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Old 03-23-2010, 02:58 PM   #1
Elfwreck
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Advice for script format book

This is an aesthetic, rather than technical, question. I'm seeking advice on how to best format a script for ebook reading. The standard line-between-each-speaker seems to leave a lot of blank spaces, especially when the spoken parts are often single words or very short dialogue exchanges.

Background: I've got a book I'm planning to convert (and if I can sort out the copyright issues, release widely)--The Tales of Hoffman, one of the transcript-based books about the Chicago 8/7 conspiracy trial. The trial text itself is public domain; the formatting & editors' notes are not. (I'm considering making two versions--one for me with all the original content; one to release, with just the transcript sections & my own editorial notes.)

Trying to decide on formatting. For me, I'll play with page layout settings until I find one I'm happy with, and make a PDF sized for my reader. But I'd like to be able to release parts of it on the web, and make it ePub-able, and need some advice about markup and display options, 'cos this isn't in standard paragraphs.

I could potentially put the speakers' names in bold, or instead of indenting initial lines of paragraphs, indent everything else. (I know indents are troublesome things in HTML, and I'm not competent with CSS. But I suppose I could learn.) Or I could do something else. There are sections with actual paragraphs rather than dialogue (long explanations by various witnesses, and exhibits read into the record), and those could be formatted more normally.

Attaching a 2-page sample, which should be well within fair use, no matter what the overall copyright status is. Theoretically, only the italicized parts should be copyrighted.
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File Type: pdf Hoffman_pgs125-6.pdf (90.2 KB, 197 views)
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Old 03-24-2010, 05:25 AM   #2
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I'd try hanging indent, in the Q/A fragment. With CSS it could be something like:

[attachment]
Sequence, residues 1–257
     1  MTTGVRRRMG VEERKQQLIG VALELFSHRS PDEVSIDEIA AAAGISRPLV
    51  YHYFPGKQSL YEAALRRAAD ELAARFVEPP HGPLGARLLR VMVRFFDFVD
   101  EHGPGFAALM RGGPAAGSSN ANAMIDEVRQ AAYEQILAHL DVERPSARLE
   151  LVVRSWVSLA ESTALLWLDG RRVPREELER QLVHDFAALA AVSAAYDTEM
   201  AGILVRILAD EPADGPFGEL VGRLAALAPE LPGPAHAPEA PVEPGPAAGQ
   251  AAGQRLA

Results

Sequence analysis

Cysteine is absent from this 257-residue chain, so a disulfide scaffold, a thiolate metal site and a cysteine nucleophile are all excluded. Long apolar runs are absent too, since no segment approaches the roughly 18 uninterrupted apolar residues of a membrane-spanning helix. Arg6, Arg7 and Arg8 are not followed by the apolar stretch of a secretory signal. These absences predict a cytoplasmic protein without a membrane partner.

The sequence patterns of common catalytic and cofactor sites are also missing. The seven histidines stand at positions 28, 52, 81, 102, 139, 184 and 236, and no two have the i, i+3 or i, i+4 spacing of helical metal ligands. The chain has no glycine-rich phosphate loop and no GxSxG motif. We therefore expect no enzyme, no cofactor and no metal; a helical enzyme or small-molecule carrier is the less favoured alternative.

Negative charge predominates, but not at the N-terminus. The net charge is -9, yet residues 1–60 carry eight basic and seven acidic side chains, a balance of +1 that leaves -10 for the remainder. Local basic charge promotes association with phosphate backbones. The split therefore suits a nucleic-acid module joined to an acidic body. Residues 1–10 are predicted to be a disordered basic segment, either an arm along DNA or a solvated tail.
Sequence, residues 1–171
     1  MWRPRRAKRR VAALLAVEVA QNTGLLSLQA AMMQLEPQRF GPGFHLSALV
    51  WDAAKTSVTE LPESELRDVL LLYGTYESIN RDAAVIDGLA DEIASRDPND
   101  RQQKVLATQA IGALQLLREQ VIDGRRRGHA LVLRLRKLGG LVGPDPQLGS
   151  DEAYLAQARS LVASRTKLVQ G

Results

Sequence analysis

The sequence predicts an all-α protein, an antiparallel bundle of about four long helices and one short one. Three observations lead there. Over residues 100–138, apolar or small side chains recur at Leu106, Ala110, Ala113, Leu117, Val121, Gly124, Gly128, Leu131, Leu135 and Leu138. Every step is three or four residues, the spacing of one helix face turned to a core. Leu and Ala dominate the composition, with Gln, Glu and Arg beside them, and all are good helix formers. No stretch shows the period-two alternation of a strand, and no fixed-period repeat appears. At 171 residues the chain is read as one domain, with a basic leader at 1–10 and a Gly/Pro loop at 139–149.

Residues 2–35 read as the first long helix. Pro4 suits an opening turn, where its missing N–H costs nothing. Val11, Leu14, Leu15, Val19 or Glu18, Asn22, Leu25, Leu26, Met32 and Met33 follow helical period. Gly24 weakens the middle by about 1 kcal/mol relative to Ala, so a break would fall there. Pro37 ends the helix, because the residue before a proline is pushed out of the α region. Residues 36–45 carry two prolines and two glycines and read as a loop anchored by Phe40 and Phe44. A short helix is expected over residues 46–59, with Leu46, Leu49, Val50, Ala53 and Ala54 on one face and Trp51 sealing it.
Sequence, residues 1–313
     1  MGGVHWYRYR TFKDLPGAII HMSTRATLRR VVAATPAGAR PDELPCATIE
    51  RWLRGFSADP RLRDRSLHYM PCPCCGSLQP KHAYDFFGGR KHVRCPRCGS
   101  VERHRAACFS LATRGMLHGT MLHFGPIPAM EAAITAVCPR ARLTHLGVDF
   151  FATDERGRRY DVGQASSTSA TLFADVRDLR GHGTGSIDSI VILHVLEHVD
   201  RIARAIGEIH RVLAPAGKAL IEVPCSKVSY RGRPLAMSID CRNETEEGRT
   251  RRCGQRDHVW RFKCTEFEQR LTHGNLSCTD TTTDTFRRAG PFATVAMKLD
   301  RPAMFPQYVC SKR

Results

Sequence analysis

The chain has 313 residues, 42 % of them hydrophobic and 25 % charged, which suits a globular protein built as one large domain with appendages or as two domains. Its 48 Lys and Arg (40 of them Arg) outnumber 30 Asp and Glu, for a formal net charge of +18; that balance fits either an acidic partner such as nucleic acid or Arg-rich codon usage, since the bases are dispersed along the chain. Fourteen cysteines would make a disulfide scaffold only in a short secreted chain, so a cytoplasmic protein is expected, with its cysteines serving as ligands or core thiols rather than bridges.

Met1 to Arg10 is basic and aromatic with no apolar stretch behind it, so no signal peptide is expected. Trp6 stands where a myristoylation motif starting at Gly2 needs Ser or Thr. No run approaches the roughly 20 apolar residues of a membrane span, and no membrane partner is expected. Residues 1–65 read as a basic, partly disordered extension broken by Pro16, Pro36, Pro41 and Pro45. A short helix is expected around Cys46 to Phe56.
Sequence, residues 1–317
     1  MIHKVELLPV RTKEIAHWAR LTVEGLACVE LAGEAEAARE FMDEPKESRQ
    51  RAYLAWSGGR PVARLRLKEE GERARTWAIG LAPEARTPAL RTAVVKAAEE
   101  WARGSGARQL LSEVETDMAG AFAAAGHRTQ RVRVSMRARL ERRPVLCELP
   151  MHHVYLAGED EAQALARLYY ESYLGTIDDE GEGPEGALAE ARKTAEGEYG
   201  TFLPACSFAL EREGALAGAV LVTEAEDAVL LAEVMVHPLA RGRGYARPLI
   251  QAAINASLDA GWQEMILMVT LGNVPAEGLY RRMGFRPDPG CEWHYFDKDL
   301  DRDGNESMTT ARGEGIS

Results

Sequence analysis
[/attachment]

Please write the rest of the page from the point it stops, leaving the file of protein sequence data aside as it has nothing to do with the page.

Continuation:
Code:
p { margin-left: 1em; text-indent: -1em; }
p.continuation { text-indent: 0; }
p.note { margin: 0.5em 2em; font-style: italic; }
span.speaker { font-weight: bold; }
Code:
<p><span class="speaker">Mr. Whatever</span>: This is someone speaking.</p>
<p class="continuation">This is another paragraph spoken by the same person.</p>

<p class="note">This is a transcriber's note, explanation or remark</p>

<p><span class="speaker">Mr. Something</span>: This is a second person speaking.</p>
Note the p.continuation has no negative indent in the first line, and the p.note has some vertical margin, as well as wider left and right margins.
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Old 03-24-2010, 10:37 AM   #3
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Wow, I can actually follow that. I've been trying the "learn CSS by visual osmosis" plan. I was hoping that if I skimmed over enough posts that include CSS, it'd gradually start to be coherent information, and apparently it's working.

Not sure about using em for margins; that gets bigger when the font gets bigger. (OTOH, 1em should not be so huge as to be disruptive, even if shown at a fairly large point size.) What does "margin: 0.5em 2em" mean? Left & right margins?

p.continuation should have an initial indent, because sometimes there are several paragraphs in a row. (E.g. reading an entire speech or police document into the record.) I'll need a sub-header or something class, for the dates, and a "divider" class for the three asterisks that separate segments, but those are fairly ordinary--maybe use h3 or h4 for the dates, and scrounge around for whatever's considered "normal" for small section breaks. (Don't want a full-width divider line, but could maybe deal with a 25% divider line instead of the three asterisks.)

And I'd need a couple of real header things for separating the intro, opening statements and so on, but those act like normal book chapters; it doesn't matter what I use for them as long as they start with page breaks & are obviously major section changes.

Thank you! I'd been thinking this would be a nightmare to mark up and I should just make a PDF and be done with it, but you've made me think it's actually something I could do.
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Old 03-24-2010, 04:50 PM   #4
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Yes, p.continuation needs something, either a top margin or an indent, I overlooked that.

"0.5em 2em" means top/bottom and left/right. You can give one length, two lengths or four lengths.

For headers and dates, use h*. And generally try to keep semantic markup, for instance, use <div class="separator">* * *</div> for the asterisks, and then define div.separator { margin: 1em 0; text-align: center; }. Whenever you need something special, add a class to a <div>, <p> or <span>, and worry (or ask) about the formatting later.
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